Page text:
Young Women Who Say They Aren’t Feminists: Leave Them Alone
I actually don’t think we should shit on young women like Shailene Woodley for saying they aren’t feminists.
It’s not her fault that she’s be taught the ‘wrong’ definition of that word. It’s not her fault that she thinks it’s socially dangerous to call herself a feminist. It’s not her fault that she doesn’t see the pervasiveness of sexism. Or whatever reason it is that makes her jump back in terror from that word.
She’s just following a very common cultural script. She’s trying to get along with everybody. She doesn’t want to alienate herself from mainstream Hollywood, or all the men in her life. She doesn’t want to be marginalized by siding with the marginal. She doesn’t get it. Yet.
A lot of us were “humanists” and “post feminists” and “antifeminists” when we were teenage babies. Part of it was denial. Part of it was ignorance. Part of it was fear of social rejection. Whatever. It takes a lot of blatant sexist bullshit for most of us to decide to get angry, and assertive, and annoying, and insistent, and “misandrist”. For a long time, that’s a very scary possibility.
And think. If that’s what Shailene’s image of feminism is…where has she been learning about feminism and sexism? Probably from a lot of sexist ass dudes and a ton of women who have internalized basic-ass gender norms. People have taught her to be afraid of that word. Have some sympathy. She’s a kid.
If anything, shitting down her throat about how she doesn’t understand and needs to learn is going to confirm all her worst, least educated stereotypes about what feminism is, and what feminists are like. It will send her running…and not into safe arms, culturally speaking. Let’s not do that to her.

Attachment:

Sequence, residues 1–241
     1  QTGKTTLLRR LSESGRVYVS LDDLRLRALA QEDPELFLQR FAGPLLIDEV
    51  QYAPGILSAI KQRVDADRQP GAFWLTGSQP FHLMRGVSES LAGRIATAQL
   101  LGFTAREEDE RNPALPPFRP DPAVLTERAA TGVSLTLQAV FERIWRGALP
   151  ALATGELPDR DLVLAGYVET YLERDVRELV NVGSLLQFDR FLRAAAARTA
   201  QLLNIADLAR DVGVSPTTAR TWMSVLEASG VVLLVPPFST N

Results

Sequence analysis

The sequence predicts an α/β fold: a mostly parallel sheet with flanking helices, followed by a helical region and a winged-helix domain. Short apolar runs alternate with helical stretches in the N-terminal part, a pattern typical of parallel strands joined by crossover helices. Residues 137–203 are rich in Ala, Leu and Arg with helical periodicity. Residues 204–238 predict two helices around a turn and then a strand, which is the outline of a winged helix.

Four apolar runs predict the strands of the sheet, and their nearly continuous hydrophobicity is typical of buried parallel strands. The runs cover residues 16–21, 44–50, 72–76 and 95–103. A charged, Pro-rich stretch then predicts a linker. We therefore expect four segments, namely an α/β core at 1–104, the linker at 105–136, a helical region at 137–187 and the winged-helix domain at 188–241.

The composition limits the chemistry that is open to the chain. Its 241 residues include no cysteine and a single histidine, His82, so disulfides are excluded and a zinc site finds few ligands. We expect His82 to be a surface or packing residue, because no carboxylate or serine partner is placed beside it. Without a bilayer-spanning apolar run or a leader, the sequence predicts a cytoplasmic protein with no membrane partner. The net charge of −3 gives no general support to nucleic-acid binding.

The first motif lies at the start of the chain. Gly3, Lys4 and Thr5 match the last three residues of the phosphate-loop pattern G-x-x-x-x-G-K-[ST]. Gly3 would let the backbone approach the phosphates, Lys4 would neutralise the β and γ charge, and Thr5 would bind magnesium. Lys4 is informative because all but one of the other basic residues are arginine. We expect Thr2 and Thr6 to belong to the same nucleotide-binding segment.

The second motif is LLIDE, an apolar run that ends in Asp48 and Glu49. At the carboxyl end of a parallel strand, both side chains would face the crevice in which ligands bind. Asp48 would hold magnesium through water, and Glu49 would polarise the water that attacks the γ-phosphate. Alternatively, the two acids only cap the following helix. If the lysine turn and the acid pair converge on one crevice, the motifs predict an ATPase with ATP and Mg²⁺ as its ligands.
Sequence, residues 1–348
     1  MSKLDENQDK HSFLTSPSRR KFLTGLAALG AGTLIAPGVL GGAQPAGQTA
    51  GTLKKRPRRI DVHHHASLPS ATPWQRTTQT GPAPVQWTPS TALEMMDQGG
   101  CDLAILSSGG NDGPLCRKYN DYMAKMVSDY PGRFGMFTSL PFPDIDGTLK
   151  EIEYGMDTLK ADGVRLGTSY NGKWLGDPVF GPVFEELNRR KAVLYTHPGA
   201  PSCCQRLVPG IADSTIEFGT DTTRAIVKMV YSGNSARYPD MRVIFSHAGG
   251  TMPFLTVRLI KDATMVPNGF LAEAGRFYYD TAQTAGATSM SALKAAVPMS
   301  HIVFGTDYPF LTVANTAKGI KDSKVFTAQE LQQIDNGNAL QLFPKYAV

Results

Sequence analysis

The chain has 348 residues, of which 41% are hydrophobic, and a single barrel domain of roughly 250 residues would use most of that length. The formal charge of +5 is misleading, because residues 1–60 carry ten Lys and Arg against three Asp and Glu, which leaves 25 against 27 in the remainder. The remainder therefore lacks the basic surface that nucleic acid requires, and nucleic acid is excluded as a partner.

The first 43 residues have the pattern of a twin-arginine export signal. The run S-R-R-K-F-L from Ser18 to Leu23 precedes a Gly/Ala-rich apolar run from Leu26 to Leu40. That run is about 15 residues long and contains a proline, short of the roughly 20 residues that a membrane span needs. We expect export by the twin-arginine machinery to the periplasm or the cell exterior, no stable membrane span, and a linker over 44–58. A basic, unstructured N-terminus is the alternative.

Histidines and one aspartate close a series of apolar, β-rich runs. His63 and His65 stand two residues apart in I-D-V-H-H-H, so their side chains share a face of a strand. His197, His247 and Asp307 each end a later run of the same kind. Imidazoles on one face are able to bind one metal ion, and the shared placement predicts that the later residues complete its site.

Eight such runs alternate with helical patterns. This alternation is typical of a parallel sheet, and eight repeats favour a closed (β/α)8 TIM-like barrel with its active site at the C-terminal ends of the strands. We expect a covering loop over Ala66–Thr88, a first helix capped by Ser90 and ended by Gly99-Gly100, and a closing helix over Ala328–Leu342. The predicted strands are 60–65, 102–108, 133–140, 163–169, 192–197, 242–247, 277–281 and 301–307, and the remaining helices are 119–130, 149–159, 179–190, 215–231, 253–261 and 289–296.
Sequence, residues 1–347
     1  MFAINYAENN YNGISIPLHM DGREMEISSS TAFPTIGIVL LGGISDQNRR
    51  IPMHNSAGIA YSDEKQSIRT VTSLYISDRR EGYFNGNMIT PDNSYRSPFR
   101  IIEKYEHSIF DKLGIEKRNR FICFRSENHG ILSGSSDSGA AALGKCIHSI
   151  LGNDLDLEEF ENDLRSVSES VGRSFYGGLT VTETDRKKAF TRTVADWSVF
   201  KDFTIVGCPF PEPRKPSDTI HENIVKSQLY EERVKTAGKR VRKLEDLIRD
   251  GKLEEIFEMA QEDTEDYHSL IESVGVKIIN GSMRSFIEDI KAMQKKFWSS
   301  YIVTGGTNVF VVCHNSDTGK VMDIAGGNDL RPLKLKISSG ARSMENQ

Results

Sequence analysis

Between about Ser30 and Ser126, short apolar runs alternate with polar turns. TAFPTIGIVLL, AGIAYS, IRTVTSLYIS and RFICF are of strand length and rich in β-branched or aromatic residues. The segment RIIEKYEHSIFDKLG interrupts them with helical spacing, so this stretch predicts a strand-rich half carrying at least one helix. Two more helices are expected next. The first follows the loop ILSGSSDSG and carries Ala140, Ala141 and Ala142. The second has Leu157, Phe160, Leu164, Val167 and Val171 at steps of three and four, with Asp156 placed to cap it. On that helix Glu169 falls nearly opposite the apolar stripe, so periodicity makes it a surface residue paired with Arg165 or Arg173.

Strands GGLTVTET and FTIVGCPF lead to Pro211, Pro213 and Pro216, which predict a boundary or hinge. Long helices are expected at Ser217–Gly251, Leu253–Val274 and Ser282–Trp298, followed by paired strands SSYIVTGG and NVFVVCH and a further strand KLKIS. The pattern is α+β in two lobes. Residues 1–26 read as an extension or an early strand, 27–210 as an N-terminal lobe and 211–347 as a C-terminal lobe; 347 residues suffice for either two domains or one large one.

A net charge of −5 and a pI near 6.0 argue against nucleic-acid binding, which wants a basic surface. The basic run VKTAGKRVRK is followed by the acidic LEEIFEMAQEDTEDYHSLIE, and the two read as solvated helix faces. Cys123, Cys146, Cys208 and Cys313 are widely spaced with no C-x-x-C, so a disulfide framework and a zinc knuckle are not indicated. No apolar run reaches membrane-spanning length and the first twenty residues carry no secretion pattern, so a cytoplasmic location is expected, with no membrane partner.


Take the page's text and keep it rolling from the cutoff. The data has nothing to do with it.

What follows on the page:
Any young woman who pulls that “I’m not a feminist! I don’t hate men!” crap is obviously really, really afraid of losing their status with and among men in mainstream culture. And when we’re talking about a fucking teenaged celebrity, that really shouldn’t be a surprise.
So let’s not threaten her further, okay? Let’s not send her running into the arms of anti-feminism or someshit. What she’s saying is not worthy of belittlement. It’s a very common reaction to years of acculturation. Our job is to make feminist observations and information available, and safely accessible and understandable, so that when they’re ready, these young women can seek them out.
Telling people what to believe and how to identify is goddamned patriarchical.
I feel like this every time I see people pounce on some young woman every time she says she’s not a feminist and it’s honestly kind of frightening because we should be better than that.
“A wonderful meeting, or a beautiful thing can exist. We depict hatred, but it is to depict that there are more important things. We depict a curse, to depict the joy of liberation. What we should depict is, how the boy understands the girl, and the process in which the girl opens her heart to the boy. At the end, the girl will say to the boy, ‘I love you, Ashitaka. But I cannot forgive humans.’ Smiling, the boy should say, ‘That is fine. Live with me.’” ( — Hayao Miyazaki)
Seriously, I don’t think it gets said enough in this fandom, but Harry is really such a good kid, and as much as the “name his kid after Snape etc etc” doesn’t make sense for multiple reasons, if it weren’t for the fact I couldn’t believe other people wouldn’t advise him against it, I can yeah, sort of see it, because he is way too forgiving and empathetic for his own good early on.
It was as early as the fifth book that after being pretty much mentally tortured by this guy, all he had to see were a few memories of him being bullied, and it was like instance empathy. “I’ve been bullied. I’ve been tortured. Now I see Snape has and I feel sorry for him.” Harry was so incredibly horrified at the idea his dad could have been a bully he was depressed for weeks, specifically because he knew what being abused felt like.
Snape had literally laughed at his terrible memories, but Harry was shocked when Snape thought he would find his funny.